Trust is a critical feature of everyday life. Whether our interactions are with individuals, groups, or institutions, we make instantaneous choices over whether to trust them based upon our assessment of the benefits and/or risks associated with the potential relationship. Consequently, trust underpins the nature of everyday life, from our assumed faith in others when deciding to cross a busy intersection to a deliberate decision to seek help from an instructor or peer in a classroom setting. Trust decisions are ubiquitous, as trust is a critical factor in admissions and matriculation decisions and persistence decisions, sense of belonging, advising-related outcomes, and even the quality of roommate relationships.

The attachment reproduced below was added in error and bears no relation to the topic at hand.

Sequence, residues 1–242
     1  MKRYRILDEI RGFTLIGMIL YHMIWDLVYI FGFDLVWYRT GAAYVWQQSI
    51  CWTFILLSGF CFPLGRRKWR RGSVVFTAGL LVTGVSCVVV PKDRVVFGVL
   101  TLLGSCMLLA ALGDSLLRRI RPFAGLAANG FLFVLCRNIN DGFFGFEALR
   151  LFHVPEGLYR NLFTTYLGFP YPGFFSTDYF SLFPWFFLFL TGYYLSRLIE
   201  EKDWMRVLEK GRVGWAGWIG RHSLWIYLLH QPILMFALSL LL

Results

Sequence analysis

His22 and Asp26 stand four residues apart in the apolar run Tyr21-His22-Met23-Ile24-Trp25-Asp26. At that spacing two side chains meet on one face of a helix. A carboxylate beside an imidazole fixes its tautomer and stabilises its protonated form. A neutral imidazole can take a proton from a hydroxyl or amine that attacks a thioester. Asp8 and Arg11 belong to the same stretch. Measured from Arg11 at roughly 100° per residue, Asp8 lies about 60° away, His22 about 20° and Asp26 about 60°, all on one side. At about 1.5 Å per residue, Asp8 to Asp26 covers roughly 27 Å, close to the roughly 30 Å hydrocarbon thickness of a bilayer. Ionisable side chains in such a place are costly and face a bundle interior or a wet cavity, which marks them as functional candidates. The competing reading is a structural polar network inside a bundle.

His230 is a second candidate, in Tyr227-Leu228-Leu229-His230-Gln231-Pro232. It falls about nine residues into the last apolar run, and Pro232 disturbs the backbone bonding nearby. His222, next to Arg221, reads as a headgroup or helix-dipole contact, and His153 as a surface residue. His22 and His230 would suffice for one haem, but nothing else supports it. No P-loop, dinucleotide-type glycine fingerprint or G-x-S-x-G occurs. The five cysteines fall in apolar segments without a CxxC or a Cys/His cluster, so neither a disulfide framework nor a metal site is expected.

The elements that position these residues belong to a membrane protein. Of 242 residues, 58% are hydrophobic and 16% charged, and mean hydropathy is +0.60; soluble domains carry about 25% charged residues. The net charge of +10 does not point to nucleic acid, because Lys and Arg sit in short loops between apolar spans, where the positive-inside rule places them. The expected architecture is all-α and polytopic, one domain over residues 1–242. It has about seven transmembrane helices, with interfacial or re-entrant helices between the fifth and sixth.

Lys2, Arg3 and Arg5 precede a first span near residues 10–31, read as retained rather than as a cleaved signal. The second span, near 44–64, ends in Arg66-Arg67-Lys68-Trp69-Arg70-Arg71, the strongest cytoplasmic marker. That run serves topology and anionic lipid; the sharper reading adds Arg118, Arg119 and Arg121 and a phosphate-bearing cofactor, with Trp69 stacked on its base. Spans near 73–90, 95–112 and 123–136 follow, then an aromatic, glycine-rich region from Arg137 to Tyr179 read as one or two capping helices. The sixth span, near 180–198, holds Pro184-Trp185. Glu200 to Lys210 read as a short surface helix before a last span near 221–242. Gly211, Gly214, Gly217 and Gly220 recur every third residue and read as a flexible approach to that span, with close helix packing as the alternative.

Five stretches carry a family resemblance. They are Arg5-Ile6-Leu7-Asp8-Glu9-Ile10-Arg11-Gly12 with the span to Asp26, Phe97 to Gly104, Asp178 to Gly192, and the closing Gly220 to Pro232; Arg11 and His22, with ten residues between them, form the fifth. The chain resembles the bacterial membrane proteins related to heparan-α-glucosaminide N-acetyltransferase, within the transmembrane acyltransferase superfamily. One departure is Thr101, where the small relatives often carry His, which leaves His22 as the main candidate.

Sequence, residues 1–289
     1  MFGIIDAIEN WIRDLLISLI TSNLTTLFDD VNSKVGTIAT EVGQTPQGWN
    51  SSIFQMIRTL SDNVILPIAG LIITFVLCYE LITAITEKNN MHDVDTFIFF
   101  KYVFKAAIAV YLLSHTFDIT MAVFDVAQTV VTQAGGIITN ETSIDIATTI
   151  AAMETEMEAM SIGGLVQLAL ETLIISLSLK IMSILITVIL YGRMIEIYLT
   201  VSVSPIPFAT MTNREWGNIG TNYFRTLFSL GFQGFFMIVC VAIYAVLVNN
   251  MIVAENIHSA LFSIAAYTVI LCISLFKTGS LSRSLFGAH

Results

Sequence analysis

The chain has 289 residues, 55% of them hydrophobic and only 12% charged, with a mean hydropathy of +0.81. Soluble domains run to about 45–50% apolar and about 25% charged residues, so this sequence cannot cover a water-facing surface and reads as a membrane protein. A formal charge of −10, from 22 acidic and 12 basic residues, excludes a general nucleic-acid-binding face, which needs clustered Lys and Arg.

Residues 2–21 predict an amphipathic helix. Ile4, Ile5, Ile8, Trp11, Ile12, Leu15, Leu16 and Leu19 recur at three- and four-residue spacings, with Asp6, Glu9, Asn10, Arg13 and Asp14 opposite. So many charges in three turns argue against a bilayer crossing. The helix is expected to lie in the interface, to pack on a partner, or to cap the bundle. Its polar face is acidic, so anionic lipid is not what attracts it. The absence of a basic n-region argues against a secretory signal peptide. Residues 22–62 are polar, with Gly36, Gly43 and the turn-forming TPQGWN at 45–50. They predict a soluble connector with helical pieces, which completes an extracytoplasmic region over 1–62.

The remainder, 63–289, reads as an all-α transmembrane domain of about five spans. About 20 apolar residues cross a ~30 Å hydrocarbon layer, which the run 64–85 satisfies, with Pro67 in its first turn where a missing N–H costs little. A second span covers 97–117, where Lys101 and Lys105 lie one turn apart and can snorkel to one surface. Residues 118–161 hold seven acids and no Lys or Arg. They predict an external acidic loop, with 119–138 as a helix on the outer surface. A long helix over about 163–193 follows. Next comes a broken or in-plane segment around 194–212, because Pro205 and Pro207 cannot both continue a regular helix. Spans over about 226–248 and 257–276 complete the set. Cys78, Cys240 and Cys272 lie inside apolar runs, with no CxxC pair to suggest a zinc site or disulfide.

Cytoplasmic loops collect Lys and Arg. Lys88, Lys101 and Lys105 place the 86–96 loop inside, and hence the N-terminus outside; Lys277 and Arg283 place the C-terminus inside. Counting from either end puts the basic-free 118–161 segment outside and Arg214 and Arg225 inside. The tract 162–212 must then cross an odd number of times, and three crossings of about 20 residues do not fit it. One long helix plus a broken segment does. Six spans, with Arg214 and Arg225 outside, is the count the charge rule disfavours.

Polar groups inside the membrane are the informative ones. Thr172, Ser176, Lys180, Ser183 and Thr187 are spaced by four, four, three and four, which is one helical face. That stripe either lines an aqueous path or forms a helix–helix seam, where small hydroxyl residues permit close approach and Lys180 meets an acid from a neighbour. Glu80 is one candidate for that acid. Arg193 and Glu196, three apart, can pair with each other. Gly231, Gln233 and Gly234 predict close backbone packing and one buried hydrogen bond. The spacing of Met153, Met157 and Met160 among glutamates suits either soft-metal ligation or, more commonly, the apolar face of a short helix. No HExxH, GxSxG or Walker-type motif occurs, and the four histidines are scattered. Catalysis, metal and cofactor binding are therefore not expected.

In the 2020 NSSE administration, students at 29 institutions received an additional item set focused on the issues of trust. Factor analyses revealed five categories of trust contained in the set: out-group trust, college trust, social institutional trust, media trust, and civil society trust (see sidebar below for example items). We used various demographic information to predict the five trust categories. Below, we summarize some of the noteworthy findings from our research. For the full version, see Fosnacht and Calderone (2020).